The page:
Indigenous veterans honoured with Regina memorial
- By Julia Peterson | November 08, 2021
A memorial to honour Indigenous veterans will be unveiled on National Indigenous Veterans Day, November 8 ,near the cenotaph in Regina’s Victoria Park.
It will be one of 12 granite pedestals to honour veterans and educate the public about significant moments in Canada’s military history, which were designed by Regina’s Royal United Services Institute (RUSI).
“I have long held a belief that, especially in the First and the Second World Wars, when the Indigenous veterans came home, they simply weren’t treated right,” said Brad Hrycyna, retired Army Major and president of RUSI in Regina.
“They didn’t get the same benefits that the non-Indigenous veterans did, and that has always angered me. So although it’s going to be one of the last pedestals that we put up, it was one of the first pedestals that we decided had to be amongst the 12.”
The text on the pedestal describes Indigenous peoples’ “long and proud tradition of military service” in the Canadian Armed Forces in the First and Second World Wars, the Korean War, peacekeeping operations and Afghanistan.
“They have done so with dedication, initiative and bravery,” the plaque reads.
“Recognized fieldcraft skills such as patience, stealth and marksmanship saw many excel as snipers and scouts. Using Indigenous languages, some of them also served as code talkers during the Second World War.”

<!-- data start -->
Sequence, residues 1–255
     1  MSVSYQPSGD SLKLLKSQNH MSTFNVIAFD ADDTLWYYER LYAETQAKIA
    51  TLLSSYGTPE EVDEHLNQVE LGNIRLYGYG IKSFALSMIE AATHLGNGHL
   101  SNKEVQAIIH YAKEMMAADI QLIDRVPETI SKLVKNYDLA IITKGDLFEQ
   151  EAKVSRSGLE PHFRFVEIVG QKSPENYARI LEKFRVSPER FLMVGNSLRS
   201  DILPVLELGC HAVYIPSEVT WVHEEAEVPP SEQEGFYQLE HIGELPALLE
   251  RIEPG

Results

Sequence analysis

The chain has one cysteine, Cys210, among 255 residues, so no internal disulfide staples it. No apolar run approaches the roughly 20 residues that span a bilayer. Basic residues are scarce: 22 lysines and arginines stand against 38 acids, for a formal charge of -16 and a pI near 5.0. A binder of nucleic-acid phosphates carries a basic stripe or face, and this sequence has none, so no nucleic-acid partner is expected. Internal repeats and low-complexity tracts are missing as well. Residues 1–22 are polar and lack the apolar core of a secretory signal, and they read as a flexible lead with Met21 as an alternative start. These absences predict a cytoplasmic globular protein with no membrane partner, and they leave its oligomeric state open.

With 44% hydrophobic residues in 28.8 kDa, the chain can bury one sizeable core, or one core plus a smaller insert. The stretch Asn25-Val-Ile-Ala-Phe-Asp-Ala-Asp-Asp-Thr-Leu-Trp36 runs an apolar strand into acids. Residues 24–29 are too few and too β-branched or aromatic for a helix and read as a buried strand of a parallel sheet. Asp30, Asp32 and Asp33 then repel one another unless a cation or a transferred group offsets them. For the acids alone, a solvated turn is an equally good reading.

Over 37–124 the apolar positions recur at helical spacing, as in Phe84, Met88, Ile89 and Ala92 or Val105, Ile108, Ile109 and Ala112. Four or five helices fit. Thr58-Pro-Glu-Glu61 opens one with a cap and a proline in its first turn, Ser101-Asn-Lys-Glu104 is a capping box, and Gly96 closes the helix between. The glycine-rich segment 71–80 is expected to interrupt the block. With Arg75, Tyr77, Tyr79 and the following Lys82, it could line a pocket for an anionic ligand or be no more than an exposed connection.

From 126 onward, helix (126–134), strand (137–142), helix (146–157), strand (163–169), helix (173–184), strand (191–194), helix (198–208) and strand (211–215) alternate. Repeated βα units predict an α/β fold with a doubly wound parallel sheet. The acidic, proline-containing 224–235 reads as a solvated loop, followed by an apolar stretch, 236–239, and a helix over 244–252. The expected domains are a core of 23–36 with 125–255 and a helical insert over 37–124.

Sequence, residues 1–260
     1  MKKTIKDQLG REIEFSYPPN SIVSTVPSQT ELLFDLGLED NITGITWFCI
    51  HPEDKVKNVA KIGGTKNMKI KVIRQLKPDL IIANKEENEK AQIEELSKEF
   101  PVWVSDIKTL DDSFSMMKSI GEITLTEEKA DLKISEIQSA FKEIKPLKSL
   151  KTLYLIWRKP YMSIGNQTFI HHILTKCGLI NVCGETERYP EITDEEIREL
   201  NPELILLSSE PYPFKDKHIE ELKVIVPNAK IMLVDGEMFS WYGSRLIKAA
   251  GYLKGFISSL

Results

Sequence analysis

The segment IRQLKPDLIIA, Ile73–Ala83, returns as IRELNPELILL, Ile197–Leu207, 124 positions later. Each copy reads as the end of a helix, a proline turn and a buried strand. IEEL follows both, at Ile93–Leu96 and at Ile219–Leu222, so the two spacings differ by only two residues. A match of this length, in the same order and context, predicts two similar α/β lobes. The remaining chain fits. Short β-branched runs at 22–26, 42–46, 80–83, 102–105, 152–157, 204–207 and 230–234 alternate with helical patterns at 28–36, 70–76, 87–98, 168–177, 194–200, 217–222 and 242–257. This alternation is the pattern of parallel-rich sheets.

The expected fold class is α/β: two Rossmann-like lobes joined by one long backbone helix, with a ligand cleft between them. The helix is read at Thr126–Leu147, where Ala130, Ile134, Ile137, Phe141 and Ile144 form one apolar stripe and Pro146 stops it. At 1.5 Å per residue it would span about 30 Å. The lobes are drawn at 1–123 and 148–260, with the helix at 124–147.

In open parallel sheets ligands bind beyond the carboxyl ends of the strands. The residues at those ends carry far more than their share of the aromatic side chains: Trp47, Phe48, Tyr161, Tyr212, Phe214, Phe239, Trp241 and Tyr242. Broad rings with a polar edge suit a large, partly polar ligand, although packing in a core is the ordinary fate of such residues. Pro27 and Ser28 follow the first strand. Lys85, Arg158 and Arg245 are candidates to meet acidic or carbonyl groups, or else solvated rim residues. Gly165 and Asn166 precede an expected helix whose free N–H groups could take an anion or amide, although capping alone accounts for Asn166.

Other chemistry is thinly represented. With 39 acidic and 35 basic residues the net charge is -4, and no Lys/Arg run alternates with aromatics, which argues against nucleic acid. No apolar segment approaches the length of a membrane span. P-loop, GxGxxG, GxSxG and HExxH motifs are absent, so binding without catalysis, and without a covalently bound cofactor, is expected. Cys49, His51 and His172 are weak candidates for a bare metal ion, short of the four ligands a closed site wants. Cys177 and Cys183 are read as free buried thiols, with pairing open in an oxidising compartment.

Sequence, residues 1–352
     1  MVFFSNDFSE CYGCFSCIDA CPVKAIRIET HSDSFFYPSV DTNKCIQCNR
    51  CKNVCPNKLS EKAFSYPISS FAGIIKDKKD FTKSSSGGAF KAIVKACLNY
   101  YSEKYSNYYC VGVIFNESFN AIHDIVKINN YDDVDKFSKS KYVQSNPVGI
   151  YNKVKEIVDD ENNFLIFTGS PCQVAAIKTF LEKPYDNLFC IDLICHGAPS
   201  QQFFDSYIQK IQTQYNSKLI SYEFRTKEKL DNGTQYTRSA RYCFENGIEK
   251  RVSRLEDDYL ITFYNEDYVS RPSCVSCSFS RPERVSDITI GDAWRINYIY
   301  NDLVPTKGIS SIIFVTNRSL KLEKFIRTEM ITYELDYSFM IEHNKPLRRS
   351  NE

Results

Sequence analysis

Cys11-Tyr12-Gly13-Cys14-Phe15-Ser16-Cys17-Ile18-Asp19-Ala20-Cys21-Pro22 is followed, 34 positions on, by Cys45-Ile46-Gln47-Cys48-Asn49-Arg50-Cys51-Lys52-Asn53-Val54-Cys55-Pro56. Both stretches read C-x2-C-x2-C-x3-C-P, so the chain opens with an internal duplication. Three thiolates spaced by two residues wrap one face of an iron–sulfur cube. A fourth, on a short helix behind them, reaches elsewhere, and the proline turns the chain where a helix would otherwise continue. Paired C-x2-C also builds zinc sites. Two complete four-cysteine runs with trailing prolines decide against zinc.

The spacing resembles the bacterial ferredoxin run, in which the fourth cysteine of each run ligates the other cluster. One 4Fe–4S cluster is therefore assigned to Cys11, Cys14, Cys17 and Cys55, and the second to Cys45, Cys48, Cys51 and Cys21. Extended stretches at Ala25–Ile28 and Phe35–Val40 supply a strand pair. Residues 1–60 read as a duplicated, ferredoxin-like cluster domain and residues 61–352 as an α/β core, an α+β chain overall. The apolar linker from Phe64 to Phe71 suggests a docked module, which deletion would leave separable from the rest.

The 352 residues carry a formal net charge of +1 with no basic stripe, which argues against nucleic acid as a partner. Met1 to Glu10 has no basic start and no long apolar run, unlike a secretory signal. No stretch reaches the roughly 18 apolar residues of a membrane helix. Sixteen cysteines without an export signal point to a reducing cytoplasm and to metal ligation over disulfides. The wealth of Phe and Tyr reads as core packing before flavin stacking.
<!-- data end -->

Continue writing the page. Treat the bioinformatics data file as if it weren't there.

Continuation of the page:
For Hrycyna, these pedestals are particularly important as older generations of veterans are dying and can no longer tell their own stories.
“After Remembrance Day a couple years ago, myself and a couple other members from the Institute were talking,” he said. “And we were wondering just how many people who come to Remembrance Day services or walk through Victoria Park and see the cenotaph know what’s going on.
“And we felt that most people understand that the cenotaph is for remembrance of our veterans, but probably many fewer of them understand what they should be remembering.”
Hrycyna says it has been gratifying to see everyone from community members to politicians coming out to see the pedestals. Members of Parliament, MLAs, Regina mayor Sandra Masters and many local veterans have come to the unveilings. So has Saskatchewan Lieutenant Governor Russ Mirasty.
“I feel strongly that we owe our veterans and military people our sincere thanks for their service to our country,” said Mirasty. “My wife Donna and I have attended all the Royal United Services Institute pedestal unveilings at the Cenotaph in Regina, and we appreciate RUSI’s efforts to honour veterans and to provide public education.”
The Mirastys will be in attendance when the Indigenous Veterans pedestal is unveiled as well.
“Donna’s father and uncles served in the Second World War,” he said. “Donna’s father was wounded and carried the scars for the rest of his life. Indigenous veterans did not receive the same benefits as non-Indigenous veterans after the war.
“I am thankful to RUSI for creating a plaque in honour of Indigenous veterans, who have, and continue to make important contributions to the Canadian Armed Forces.”